Over the past few years, the NBA has used the D-League, its minor league affiliate, as a testing ground for prospective changes to rule and process. Goaltending rules were altered to allow players to bat the ball off the rim, as is the case in international competition. Timeouts were slashed and overtime periods shortened. And now, in a shift that's likely to draw the interest of NBA fans, the D-League will experiment with a system of punishing flopping violations in real time.
According to a D-League release, game officials will be given the ability -- as of Feb. 20 -- to assess any flopping player with a technical foul:
Application of the new experimental flopping rule will involve NBA D-League officials assessing technical fouls to any player who, in their judgment, has flopped. Officials will be required to confirm all flopping calls on instant replay monitors. The instant replay review will be conducted at the first timeout or quarter break following the flop call, and if confirmed, the technical foul will be assessed at that time. Any flopping calls made in the game’s last two minutes will be reviewed and assessed immediately.
“There isn’t a better place to experiment with NBA rules than in the NBA D-League, and we are pleased to test this experimental rule that, for the first time, creates an in-game penalty for flopping,” said [D-League commissioner Dan] Reed. “The NBA D-League is the research and development laboratory for the NBA and both leagues are always evaluating ways to further the game.”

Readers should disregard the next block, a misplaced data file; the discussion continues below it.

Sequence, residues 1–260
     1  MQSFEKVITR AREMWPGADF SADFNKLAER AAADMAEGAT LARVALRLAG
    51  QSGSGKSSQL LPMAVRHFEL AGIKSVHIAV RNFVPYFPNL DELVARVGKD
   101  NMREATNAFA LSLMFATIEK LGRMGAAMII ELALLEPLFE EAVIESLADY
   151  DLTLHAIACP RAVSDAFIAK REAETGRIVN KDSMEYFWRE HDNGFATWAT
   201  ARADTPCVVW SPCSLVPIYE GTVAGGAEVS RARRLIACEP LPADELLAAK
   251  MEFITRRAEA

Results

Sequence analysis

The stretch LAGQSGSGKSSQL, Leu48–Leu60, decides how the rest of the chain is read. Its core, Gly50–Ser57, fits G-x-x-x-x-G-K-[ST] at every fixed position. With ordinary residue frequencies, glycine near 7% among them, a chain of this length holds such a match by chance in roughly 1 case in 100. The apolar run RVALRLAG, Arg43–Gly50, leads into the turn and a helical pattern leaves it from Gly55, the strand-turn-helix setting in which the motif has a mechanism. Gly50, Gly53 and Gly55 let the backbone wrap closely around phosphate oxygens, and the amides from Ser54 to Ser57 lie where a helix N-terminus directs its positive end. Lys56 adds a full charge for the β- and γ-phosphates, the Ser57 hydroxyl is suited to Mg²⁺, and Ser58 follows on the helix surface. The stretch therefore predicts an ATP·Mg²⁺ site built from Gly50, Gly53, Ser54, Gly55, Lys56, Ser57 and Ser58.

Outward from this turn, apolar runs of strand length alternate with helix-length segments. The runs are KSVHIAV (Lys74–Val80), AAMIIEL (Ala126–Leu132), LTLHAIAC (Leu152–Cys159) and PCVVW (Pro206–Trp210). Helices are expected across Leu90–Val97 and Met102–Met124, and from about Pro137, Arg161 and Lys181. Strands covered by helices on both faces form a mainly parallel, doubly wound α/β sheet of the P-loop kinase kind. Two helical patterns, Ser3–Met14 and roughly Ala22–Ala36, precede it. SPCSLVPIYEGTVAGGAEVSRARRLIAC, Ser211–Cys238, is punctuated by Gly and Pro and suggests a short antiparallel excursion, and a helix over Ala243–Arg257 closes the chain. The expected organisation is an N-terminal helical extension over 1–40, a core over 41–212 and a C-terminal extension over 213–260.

Of note is the fact that the penalty free throw that results from a flopping technical foul will not be taken immediately after the call itself. In terms of game flow, the flopping technical would be assessed and the game would move on, as the call requires video review at the next stoppage in play to confirm its merits. This arrangement allows officials the full benefit of instant replay without the fuss of interrupting play, a crucial provision in accurately making calls based on exaggerations of contact.
Flopping has clearly been a point of emphasis for the NBA league office this season, as four different players have been hit with fines and warnings have been doled out more frequently on the basis of stricter enforcement. At the 2013 NBA Finals, former commissioner David Stern noted that he did not believe the league's fine-only punishment system to be a sufficient remedy for flopping:
“It isn’t enough,” Stern said. “It isn’t enough. You’re not going to cause somebody to stop [flopping] for $5,000 when the average player’s salary is $5.5 million. And anyone that thought that was going to happen was allowing hope to prevail over reason. But you take a step and you begin to see it.”
Stern also noted that implementing harsher fines was not the end goal, but that installing an initial penalty system for flopping would serve as a starting point for future discussions. This D-League experiment would seem to be the next phase of those intentions. We'll have to see the rule in action before making any determinations of its value, but in theory this would seem to provide a more active deterrent to regular flopping. It's one thing if repeat flopping violations come with a mere $5,000 fine, but another entirely if they can result in an actual point swing. That's a tangible and immediate repercussion that could eventually curb flopping in a way that the fines thus far have not, potentially to the point of satisfying fans who feel the selling of calls has tarnished the game. We're still a few degrees removed from a rule like this being implemented on the NBA level, though the execution and success of anti-flopping measures in the D-League certainly bear watching.